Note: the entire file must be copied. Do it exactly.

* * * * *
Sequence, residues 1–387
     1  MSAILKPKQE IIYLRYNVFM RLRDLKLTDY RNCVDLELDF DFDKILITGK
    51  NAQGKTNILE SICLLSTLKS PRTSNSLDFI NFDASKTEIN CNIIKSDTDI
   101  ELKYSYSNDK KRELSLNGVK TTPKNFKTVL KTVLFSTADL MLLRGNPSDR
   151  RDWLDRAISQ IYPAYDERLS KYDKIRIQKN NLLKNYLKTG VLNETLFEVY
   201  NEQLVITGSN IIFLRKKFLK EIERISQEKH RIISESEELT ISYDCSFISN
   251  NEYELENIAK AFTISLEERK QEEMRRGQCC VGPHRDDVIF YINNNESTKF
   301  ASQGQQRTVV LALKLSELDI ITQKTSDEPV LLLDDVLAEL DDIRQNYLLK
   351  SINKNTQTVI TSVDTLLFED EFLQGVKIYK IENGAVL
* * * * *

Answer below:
Sequence, residues 1–387
     1  MSAILKPKQE IIYLRYNVFM RLRDLKLTDY RNCVDLELDF DFDKILITGK
    51  NAQGKTNILE SICLLSTLKS PRTSNSLDFI NFDASKTEIN CNIIKSDTDI
   101  ELKYSYSNDK KRELSLNGVK TTPKNFKTVL KTVLFSTADL MLLRGNPSDR
   151  RDWLDRAISQ IYPAYDERLS KYDKIRIQKN NLLKNYLKTG VLNETLFEVY
   201  NEQLVITGSN IIFLRKKFLK EIERISQEKH RIISESEELT ISYDCSFISN
   251  NEYELENIAK AFTISLEERK QEEMRRGQCC VGPHRDDVIF YINNNESTKF
   301  ASQGQQRTVV LALKLSELDI ITQKTSDEPV LLLDDVLAEL DDIRQNYLLK
   351  SINKNTQTVI TSVDTLLFED EFLQGVKIYK IENGAVL